Why bother? UK urged to scrap green plans and start fracking as energy bills soar

Dan Wootton criticises plans for Net Zero on GB News

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With the cost-of-living nightmare sending shockwaves through the nation as millions of households face fuel poverty as a result of rising gas bills, Westminster is scrambling for ways to swerve the crisis. According to critics of net zero, the policy which aims to get the UK completely off fossil fuels by 2050, the UK is shooting itself in the foot by blocking access to its own cheap energy supplies.

When CAR26 Director Lois Perry was asked “why we are even bothering” with net zero on GB News, she responded: “We shouldn’t be.

“The public don’t want it. Tory voters don’t want it – according to our polling 70 percent don’t want it.

“Nobody wants it. The times, the mood, has changed. There is a zeitgeist…people are questioning the science now and they are seeing that it is really dodgy and people aren’t prepared to pay for it.”

She later added: “We are completely capable of having domestic energy security, and really, really quickly.

“We can be fracking in 12-18 months. And we have got lots of other things we can be doing. There is coal, there is North Sea oil. But we mustn’t let ourselves get into the position of Germany.”

Fracking was banned in 2019 following the publication of scientific analysis that exposed the risk of the shale gas extraction process – linking it to seismic activity.

While a petition calling on the Government to end the ban has racked up nearly 20,000 signatures so far, the state is still refusing to budge.

It responded to the petition back in June: “The Government does not agree we should lift the pause on hydraulic fracturing at this time given the lack of new, compelling evidence that shale gas extraction can be done safely.”

Many climate campaigners would also argue that any new gas extraction should not be allowed due to the urgency of the climate crisis.

For instance, the UK is investing in Shell’s proposed Jackdaw oil field in the North Sea.

But activists have set up Stop Jackdaw, urging Shell to stop producing oil and gas at the site.

And it comes as the energy giant has raked in huge profits while Britons struggle to heat their homes due to soaring bills.

Lauren MacDonald, a climate activist from the group, said: “It is obscene that Shell can be allowed to make this much money when many millions of families will be unable to afford to heat their homes. Profits of this size, when so many families will suffer, means the system is broken.

“The only way to fix it is to move away from fossil fuels and invest in long-term solutions such as insulating homes and cheaper renewable energy.”

She later added: “We can no longer rely on the highly-volatile, climate-wrecking fossil fuels to provide a safe, secure and affordable energy supply to UK households.”

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And while Ms Perry questioned the science behind net zero, an international panel of climate scientists have warned in a damning report of a “code red” for humanity over climate change.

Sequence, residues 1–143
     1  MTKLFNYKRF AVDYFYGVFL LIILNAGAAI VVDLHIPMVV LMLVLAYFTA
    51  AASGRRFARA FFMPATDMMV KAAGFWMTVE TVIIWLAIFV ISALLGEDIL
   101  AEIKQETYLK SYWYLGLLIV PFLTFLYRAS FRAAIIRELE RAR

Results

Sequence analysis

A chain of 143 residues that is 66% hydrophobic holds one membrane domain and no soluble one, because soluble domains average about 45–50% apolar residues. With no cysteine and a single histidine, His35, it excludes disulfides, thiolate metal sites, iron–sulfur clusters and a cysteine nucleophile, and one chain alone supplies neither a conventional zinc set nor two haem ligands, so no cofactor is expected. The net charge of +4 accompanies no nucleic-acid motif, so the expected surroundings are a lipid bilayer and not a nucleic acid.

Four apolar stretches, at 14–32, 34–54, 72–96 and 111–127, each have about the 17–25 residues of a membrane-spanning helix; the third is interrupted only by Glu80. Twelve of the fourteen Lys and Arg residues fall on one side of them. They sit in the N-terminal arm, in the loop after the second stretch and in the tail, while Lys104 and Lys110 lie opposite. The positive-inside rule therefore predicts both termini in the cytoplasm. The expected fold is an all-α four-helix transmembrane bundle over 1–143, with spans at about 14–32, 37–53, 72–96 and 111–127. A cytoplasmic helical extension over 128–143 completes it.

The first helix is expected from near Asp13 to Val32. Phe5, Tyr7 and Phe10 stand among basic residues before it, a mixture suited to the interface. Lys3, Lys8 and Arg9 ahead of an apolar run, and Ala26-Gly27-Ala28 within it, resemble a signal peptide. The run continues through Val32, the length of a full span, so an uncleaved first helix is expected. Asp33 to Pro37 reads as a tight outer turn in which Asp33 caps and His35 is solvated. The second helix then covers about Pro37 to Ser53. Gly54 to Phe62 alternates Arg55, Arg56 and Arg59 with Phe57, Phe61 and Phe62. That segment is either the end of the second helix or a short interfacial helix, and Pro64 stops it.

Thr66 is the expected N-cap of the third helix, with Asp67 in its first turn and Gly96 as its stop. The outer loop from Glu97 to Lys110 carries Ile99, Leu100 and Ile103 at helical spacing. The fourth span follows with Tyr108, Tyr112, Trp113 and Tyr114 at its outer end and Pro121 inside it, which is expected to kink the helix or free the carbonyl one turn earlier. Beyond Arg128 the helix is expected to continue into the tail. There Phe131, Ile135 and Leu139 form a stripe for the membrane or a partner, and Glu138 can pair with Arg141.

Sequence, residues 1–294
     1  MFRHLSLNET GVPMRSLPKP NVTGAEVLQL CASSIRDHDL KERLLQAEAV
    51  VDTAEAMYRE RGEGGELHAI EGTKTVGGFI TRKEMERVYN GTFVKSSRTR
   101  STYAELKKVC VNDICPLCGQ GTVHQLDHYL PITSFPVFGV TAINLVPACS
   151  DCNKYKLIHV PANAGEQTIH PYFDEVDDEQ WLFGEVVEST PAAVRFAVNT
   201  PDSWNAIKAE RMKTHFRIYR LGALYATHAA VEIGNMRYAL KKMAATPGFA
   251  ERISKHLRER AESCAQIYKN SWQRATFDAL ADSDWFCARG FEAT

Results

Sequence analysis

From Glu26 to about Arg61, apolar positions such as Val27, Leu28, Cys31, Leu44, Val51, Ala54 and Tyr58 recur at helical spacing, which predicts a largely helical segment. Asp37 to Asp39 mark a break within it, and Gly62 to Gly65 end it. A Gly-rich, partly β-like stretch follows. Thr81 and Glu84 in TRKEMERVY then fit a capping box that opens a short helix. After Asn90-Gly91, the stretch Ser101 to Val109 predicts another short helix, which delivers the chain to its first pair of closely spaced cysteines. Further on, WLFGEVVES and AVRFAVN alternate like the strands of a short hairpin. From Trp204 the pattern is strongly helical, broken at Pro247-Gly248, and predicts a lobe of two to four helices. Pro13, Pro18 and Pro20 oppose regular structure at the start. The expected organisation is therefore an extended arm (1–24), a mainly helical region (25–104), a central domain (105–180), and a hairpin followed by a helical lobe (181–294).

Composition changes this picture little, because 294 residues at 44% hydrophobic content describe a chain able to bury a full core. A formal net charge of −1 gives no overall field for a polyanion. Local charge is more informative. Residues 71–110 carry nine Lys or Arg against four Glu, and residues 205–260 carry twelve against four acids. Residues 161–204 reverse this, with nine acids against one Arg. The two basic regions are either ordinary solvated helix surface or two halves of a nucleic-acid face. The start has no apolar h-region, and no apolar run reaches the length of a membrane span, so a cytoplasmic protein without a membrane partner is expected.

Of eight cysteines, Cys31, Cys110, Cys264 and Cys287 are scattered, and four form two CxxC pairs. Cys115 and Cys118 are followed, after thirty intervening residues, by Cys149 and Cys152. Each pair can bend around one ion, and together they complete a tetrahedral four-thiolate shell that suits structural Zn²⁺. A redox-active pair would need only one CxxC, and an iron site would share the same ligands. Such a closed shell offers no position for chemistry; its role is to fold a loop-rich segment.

In the IPCC’s landmark study, experts warned that climate catastrophe can be avoided, but the world needs to act fast.

This is why Governments across the world are racing to slash emissions, switching out fossil fuels like oil and gas in favour of renewable technologies.

And Westminster’s climate advisors, the Climate Change Committee (CCC), have stressed that “we need to act urgently across the whole of society and influence” to transition to a net zero economy.

But the green transition has required a shutdown of coal plants, the dirtiest fossil fuel, as well as a deal to decarbonise the North Sea oil and gas industry, which was struck in 2021.

The has sparked fury among net zero critics like the Net Zero Scrutiny Group (NZSG).

This is the group of backbench Tory MPs calling for the strategy, which is part of Prime Minister Boris Johnson’s Ten Point Plan for a Green Industrial Revolution, to be scrapped.

NZSG chair Craig Mackinlay previously told The Times: “I am not a climate-change denier. I’m concerned that our electors of the future will be huddling round their heat-pump radiators and paying off the debt on an electric vehicle they never wanted either as they look wistfully at China, Indonesia and other nations still enjoying cheap energy from some of the dirtiest fossil fuels.”

But even China has its own net zero targets, although it is aiming to slash all emissions 10 years later than Britain in 2060.

And while Ms Perry claimed net zero is scuppering the chances for the UK to boost its domestic energy security, the prime minister begs to differ, arguing that this can be done using clean power sources.

He tweeted earlier this week that “we need a flow of energy that is affordable, clean and above all secure” that is “made in Britain, for Britain”.

Mr Johnson added: ““With spikes in the cost of energy, household bills soaring, I know people up and down the country who will partly blame this great ambition for Net Zero, for the cost of living challenges that we face.

“And we have got to be realistic, hydrocarbons will be an important part of our transition.

“But I want to tell you that the cost of failing to reach Net Zero by 2050, the cost of failing to tackle climate change will be much, much greater.”

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